Archives for posts with tag: Philip Fulmer

As the calendar closes in on Halloween and the final month of the season in November, the SEC’s named rivalries began to kickoff. The Third Saturday in October, The World’s Largest Outdoor Cocktail Party, The Deep South’s Oldest Rivalry and The Iron Bowl are all part of SEC lore. For these rivalries, we’ll take a look back at the games five, 10, 20 and 30 years ago.

Today — the third Saturday in October — marks the annual Alabama-Tennessee battle. Since the 1992 divisional split, this rivalry has only been played on the actual third Saturday in October six times.

2007: Alabama 41, #20 Tennessee 17 (Tuscaloosa)

In Nick Saban’s first game against Tennessee as Alabama’s head coach, he opened with a recovered onside kick that led to 3-0 lead for the Crimson Tide. They wouldn’t look back and never trailed #20 Tennessee, eventually hammering the Vols in the 2nd half for a 41-17 win. In Philip Fulmer’s final season at Tennessee in 2008, a number of Vols fans sold their home tickets to Tide fans signifying their displeasure with the Vols’ direction. Tennessee hasn’t beaten Saban and Alabama since.

2007 Statistics:

Leading Passer (yards) — Ala. QB John Parker Wilson (32/46 for 363 yds., 3 TDs, 0 INTs)

Leading Rusher — Ala. RB Terry Grant (26 carries for 104 yds., 1 TD)

Leading Receiver — Ala. WR D.J. Hall (13 catches for 185 yds., 2 TDs)

 

2002: #19 Alabama 34, #16 Tennessee 14 (Knoxville)

The 2002 version of the Alabama Crimson Tide lost only two games, and on its way to double-digit victories, it snapped Tennessee’s seven-game winning streak in the rivalry. The 1995-2001 stretch is the Volunteers longest streak in the series. Alabama holds an 11-game mark and is currently on a five-game streak.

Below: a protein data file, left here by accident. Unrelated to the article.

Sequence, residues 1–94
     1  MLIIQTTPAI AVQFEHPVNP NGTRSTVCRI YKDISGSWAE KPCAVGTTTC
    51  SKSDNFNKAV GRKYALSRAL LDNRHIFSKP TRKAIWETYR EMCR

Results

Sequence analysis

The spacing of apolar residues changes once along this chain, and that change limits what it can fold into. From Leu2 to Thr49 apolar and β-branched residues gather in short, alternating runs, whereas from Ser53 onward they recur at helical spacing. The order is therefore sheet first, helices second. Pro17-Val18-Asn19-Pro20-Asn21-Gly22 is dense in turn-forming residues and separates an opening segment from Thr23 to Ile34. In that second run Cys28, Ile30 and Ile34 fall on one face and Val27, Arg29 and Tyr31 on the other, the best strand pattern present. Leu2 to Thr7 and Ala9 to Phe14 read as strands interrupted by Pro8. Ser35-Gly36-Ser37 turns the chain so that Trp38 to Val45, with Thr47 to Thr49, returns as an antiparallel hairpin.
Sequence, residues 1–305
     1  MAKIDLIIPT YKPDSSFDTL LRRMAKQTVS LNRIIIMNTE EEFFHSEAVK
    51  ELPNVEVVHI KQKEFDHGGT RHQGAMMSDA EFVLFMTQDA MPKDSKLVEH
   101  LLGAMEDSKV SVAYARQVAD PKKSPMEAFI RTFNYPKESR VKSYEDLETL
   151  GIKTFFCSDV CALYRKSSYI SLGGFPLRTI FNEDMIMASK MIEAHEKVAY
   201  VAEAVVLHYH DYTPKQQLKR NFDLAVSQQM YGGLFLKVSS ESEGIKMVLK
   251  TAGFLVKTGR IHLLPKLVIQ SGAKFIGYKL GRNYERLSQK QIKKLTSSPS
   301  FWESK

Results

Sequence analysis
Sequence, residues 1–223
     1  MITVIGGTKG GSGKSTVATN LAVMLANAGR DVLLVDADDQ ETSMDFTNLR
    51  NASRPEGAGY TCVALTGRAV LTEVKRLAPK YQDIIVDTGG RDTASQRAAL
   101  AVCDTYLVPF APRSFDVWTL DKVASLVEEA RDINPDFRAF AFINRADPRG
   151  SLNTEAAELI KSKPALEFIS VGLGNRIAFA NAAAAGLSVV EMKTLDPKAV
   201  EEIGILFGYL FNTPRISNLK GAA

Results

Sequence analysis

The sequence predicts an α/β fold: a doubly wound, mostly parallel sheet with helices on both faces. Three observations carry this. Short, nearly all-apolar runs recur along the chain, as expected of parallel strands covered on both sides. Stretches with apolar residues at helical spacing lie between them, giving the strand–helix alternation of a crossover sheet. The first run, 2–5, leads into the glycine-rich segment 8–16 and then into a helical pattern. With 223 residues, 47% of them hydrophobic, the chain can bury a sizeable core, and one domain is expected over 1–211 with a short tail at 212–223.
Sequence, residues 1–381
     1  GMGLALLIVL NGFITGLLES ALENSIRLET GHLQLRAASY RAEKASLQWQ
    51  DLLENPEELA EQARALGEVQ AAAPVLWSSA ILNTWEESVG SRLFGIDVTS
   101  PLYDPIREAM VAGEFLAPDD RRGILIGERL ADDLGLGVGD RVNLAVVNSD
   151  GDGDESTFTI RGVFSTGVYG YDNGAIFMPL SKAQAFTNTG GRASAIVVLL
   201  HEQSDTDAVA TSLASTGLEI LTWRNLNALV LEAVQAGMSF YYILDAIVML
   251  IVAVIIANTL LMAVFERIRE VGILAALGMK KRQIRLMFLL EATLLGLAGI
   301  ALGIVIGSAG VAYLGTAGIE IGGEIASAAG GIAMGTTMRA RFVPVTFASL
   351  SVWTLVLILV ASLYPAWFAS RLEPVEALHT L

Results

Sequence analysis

The series’ famous “Victory Cigars” were surely lit up in Tuscaloosa after this one.

The video is blurry, but Ron Franklin is on the call (Courtesy of RedElephantStampede). He was SEC Saturday Night, and you wish he still was.

 

 

Alabama QB Jay Barker escapes the Tennessee rush.

1992: #4 Alabama 17, #13 Tennessee 10 (Knoxville)

Alabama would go on to win the 1992 National Championship after defeating Tennessee 17-10. The Tide jumped out to a 17-0 lead in the 2nd quarter, but gave the Vols an opportunity to tie the game in the 4th quarter with a fumble at the Tennessee 48-yard-line with 1:30 left. However, Tennessee QB Heath Shuler threw an interception to end the threat.

 

1982: Tennessee 35, #2 Alabama 28 (Knoxville)

Like the 2002 version of this rivalry, the 1982 game ended a team’s longest streak. Alabama had won 11 straight against the Vols, but Tennessee knocked them off to start a four-game streak of its own from 1982-1985. Vols WR and world-class sprinter Willie Gault, who would later star for the Chicago Bears, struck early in this one.

Long-time Tennessee radio voice John Ward on call (Courtesy of YankeeFanInTenn):